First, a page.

The Eufy S350 was released on September 26, 2023, and costs $129.99. For that price, you can buy three Wyze Cam v4s ($35, Amazon)—our favorite budget camera that works both indoors and outside. However, the Eufy’s price tag is still comfortably lower than other 4K home security cameras it competes with, like the premium Alro Ultra 2 ($299, Amazon).

Eufy Cam S350 review: Design

Eufy’s compact S350 (2.6 x 3.1 x 4.1 inches)  is an outlet-powered indoor security camera that you can place on a flat surface like a shelf or mount with the included hardware. It comes in at about the size of a webcam and features a large head with a robot-like face that rotates along a thinner body. The camera tilts and pivots 360 degrees automatically but can also be controlled remotely through the Eufy app. Both of the S350’s “eyes” are actually two different cameras; one a 130-degree wide-angle lens and the other a 2K telephoto lens with a sharp 3x optical zoom. 

A microphone sits in the center of the camera while a MicroSD card slot rests along the bottom right corner. The status LED light on the camera’s neck tells you if its working normally, actively recording, or blinks if it's disconnected from the internet. Its body’s white glossy material looks great indoors but isn’t weatherproofed. That means it can’t be placed outdoors like the $35 Wyze Cam v4 or $299 Arlo Ultra 2. Those models also have a built-in spotlight, which enables color night vision, something the Eufy S350 lacks.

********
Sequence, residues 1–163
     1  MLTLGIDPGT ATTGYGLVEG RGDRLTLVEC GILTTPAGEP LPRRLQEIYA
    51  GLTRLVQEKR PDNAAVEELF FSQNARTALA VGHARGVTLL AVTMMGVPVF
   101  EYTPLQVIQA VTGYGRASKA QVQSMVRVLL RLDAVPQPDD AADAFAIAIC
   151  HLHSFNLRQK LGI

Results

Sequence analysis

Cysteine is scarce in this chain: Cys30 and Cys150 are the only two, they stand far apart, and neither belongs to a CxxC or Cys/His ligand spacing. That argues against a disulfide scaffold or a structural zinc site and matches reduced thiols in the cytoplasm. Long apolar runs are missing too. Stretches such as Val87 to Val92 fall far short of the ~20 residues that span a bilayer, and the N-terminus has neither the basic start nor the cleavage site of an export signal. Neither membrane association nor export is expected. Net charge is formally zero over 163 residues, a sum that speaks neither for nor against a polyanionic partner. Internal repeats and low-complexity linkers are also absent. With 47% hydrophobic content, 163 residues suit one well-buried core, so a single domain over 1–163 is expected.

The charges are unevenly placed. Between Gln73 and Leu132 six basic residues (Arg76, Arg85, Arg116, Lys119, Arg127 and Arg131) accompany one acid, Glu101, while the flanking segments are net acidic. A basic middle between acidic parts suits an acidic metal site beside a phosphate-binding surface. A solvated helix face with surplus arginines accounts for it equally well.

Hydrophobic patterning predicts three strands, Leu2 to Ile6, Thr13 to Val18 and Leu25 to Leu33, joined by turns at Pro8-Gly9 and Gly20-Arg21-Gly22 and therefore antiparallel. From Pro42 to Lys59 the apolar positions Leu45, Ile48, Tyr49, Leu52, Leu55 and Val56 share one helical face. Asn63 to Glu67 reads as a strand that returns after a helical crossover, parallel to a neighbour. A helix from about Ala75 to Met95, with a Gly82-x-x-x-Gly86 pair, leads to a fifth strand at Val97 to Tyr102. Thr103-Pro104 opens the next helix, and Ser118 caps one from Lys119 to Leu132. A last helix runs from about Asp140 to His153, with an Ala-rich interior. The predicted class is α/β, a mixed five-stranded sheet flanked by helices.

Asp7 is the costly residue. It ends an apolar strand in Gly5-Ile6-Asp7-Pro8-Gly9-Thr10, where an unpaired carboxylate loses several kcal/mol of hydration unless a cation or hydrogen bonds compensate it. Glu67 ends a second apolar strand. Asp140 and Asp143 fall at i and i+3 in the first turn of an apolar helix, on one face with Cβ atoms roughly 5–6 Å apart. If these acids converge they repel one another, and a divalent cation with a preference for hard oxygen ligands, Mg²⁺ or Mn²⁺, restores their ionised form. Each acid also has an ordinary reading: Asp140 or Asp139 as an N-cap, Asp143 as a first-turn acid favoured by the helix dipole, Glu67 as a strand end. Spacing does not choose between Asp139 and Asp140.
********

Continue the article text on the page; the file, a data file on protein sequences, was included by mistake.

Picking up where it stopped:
(Image credit: Future)

Despite the absence of color night vision, the S350’s two high-powered infrared LED lights catch exceptional levels of detail like text and facial hair styles in the dark from a distance of 15 feet away. Flip the camera around and you’ll find speakers with a USB-C port where you can plug in the included power cable. Overall its lightweight design is easy to place in any room, provided you have an unoccupied power outlet nearby.

Eufy Cam S350 review: Image and audio performance

As someone who tests security cameras for a living, I immediately noticed how much clearer Eufy’s 4K picture is compared to my pricier Ring Stick Up Cam Pro Battery ($180, Amazon). The higher 3840x2160 pixel count looks sharp and allows you to digitally zoom in 8x so that you can clearly see things like text on a tee shirt or tattoo without much distortion. It's not just a crisp lens that grabs textures and patterns but also larger sensors that let in more light for a richer overall image. The gallery below shows the S350's superior image quality against the 1440p Wyze Cam v4 and 1080p Ring Stick Up Cam Pro.